They first sought support in a group for grieving parents, but after a couple of sessions realized that many who spoke at the meetings had found no healing—in some cases many years after their loss. The Pelkeys found it difficult to listen as those parents returned week after week to express their anger at the person who caused the accident or at inadequacies of the police investigation or other aspects of their loss and pain.
“There was no God in those meetings,” Kathy says, “so we went looking for something else.”
They’d heard about GriefShare, and Chris recalls how they went on the GriefShare website, where they learned that a group met at Wheaton Bible Church—near their Winfield home and right in the West Chicago neighborhood where Kathy grew up.
Their GriefShare experience, and the curriculum the group used, was just what they needed. “It wasn’t just everybody sitting around a table talking about their loss,” Kathy says. “We learned about what the Bible says about grief and how God meets us in the middle of our pain.”
At that time, their grief was fresh, and GriefShare offered Chris and Kathy insight about what they were going through, helping them through those early stages of grieving and preparing them for what they would experience in the days ahead.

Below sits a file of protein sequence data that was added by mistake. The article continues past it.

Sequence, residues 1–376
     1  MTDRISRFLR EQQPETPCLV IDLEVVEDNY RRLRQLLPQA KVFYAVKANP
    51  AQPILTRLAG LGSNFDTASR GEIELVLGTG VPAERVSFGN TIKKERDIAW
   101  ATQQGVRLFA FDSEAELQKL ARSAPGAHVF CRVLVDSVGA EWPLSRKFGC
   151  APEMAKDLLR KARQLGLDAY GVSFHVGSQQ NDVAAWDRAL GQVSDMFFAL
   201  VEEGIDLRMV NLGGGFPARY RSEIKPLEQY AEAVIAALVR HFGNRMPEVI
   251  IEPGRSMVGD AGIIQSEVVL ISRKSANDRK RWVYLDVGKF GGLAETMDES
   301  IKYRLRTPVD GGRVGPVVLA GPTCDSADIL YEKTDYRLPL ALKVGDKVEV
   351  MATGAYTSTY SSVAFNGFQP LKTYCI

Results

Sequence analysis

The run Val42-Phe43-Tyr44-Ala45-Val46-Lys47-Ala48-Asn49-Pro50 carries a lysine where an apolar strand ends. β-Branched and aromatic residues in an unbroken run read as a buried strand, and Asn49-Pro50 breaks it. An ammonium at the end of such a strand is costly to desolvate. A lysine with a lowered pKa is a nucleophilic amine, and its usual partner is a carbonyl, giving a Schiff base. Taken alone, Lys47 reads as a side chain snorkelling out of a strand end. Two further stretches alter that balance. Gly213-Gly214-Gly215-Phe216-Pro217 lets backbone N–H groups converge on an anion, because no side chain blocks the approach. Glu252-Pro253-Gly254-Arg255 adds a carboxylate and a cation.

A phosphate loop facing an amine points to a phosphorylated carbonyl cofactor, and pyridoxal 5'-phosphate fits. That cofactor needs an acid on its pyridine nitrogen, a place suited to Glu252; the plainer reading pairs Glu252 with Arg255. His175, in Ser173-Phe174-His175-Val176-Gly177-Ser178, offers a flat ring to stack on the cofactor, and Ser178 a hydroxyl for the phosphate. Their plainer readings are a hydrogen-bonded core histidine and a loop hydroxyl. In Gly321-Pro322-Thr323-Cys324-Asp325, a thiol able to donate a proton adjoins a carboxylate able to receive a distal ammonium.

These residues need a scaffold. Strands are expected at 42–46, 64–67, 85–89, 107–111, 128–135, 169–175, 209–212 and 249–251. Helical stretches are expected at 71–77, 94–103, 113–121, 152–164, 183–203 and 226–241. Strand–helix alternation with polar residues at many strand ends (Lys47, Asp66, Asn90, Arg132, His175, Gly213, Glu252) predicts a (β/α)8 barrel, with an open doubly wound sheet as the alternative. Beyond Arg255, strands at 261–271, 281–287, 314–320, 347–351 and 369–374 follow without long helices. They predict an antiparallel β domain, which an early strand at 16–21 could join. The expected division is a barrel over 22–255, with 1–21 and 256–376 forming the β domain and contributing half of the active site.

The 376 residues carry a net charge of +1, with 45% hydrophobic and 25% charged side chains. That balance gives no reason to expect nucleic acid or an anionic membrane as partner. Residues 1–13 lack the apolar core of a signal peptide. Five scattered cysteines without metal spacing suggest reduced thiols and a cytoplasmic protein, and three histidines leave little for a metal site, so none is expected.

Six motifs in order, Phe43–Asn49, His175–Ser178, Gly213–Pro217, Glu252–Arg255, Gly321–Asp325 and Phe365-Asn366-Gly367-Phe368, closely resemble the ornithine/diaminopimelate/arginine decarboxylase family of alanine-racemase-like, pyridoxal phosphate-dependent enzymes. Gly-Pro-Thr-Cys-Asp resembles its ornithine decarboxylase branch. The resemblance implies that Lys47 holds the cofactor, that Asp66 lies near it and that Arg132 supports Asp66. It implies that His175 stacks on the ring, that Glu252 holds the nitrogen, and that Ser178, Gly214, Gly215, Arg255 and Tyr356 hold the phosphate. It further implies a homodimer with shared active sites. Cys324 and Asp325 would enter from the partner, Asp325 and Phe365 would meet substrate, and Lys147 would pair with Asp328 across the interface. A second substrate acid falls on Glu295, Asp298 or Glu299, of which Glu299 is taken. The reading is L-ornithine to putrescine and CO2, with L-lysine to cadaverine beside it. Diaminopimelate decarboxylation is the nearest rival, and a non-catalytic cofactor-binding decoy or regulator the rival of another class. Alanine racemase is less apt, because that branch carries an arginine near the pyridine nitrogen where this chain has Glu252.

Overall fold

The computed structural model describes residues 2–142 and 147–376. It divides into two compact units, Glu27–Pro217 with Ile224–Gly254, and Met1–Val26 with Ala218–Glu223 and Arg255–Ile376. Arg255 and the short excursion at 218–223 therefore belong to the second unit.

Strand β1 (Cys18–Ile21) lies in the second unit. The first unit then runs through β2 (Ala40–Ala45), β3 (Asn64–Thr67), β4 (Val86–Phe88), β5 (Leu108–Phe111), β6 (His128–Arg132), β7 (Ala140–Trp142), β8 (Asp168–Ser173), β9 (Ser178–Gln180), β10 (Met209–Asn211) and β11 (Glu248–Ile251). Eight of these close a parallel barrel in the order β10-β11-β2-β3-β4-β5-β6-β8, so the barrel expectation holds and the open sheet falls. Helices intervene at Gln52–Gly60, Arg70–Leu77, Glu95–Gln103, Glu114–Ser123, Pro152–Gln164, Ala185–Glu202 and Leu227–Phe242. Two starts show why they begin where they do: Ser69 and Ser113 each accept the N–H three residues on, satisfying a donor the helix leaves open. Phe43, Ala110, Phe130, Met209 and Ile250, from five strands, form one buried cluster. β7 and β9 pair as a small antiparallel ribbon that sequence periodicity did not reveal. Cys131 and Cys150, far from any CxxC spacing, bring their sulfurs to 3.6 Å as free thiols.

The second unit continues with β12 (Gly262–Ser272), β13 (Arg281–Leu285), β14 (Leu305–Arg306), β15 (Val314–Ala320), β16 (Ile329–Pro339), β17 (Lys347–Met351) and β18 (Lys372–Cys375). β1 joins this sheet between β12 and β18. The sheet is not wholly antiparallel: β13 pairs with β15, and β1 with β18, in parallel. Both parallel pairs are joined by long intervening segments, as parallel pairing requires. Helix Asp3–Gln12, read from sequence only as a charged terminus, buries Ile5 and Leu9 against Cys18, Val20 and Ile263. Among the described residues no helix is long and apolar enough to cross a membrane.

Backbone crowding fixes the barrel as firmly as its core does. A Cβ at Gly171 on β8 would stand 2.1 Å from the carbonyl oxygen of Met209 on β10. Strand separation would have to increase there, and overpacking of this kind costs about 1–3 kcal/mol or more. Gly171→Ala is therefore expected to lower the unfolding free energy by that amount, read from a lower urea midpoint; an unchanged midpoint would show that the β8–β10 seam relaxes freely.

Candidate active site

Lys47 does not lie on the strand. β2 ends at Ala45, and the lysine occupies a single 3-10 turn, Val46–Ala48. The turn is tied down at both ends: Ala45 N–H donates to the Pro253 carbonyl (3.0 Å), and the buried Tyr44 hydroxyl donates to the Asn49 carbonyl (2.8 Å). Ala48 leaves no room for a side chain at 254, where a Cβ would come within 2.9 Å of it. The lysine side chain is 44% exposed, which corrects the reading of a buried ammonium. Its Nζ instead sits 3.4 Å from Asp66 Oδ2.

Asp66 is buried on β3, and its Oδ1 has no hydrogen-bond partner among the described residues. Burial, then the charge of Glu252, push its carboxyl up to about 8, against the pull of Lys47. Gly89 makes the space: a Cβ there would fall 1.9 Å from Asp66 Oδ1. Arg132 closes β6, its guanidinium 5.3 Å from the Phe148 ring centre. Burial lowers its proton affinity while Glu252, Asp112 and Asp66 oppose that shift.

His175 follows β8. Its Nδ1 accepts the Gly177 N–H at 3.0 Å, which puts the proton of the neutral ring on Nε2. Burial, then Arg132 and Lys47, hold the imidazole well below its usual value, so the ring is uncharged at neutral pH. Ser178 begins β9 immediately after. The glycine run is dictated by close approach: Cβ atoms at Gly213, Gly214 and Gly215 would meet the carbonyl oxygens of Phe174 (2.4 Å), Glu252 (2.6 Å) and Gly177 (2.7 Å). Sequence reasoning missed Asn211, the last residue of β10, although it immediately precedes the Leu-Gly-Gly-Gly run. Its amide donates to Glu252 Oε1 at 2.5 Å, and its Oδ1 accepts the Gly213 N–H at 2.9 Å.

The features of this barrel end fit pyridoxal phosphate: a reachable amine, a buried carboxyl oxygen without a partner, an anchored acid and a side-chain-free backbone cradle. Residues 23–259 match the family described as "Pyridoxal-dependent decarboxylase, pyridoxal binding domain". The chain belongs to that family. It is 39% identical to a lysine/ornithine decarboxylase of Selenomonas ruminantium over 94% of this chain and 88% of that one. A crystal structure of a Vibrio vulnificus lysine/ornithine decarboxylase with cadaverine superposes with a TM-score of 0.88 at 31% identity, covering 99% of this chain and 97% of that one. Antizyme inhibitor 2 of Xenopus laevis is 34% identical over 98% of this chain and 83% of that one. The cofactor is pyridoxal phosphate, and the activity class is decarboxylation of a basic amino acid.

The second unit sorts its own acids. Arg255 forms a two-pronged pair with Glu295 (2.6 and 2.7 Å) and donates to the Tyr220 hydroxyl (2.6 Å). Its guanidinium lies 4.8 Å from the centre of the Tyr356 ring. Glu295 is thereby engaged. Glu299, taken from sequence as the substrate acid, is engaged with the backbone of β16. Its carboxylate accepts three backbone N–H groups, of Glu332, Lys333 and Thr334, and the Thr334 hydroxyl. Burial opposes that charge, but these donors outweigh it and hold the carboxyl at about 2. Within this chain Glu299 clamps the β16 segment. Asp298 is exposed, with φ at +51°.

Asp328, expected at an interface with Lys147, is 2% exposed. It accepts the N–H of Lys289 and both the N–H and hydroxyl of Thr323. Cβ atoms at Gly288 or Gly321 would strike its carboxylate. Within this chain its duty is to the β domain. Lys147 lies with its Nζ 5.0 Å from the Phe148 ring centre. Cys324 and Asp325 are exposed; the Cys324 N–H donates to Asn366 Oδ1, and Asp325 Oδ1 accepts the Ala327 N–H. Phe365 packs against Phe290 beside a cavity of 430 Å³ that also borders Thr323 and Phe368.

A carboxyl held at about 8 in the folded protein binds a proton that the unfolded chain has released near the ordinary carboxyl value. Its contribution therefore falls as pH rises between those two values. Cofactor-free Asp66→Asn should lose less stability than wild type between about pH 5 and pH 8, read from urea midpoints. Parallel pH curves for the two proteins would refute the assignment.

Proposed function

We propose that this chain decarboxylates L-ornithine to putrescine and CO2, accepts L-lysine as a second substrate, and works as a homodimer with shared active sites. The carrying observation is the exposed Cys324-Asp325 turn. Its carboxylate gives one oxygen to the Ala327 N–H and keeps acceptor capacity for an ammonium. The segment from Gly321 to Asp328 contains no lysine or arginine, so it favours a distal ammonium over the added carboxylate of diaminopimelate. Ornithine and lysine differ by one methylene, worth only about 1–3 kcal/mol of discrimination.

As they were on the church campus for those Monday-night meetings, Kathy says, “we started looking around. And it looked really interesting.”
They wondered what services at the church were like, so when a friend and her husband agreed to join them to check it out, all four of them came the next Sunday morning.
“A lot of it,” Kathy says, “was the hand of God, because everything just kind of fell into place.”
The friend, who was also visiting for the first time, recognized one of the people serving Communion. It was Duane Martin, who had attended a grad-school class with her.
Duane’s wife, Mary Ellen, recalls, “It just so ‘happened’ that Duane and I were Communion servers that morning and that Cindy, the woman from Duane’s masters class, noticed him.”
As soon as the service was over, the Pelkeys and their friends sought out Duane.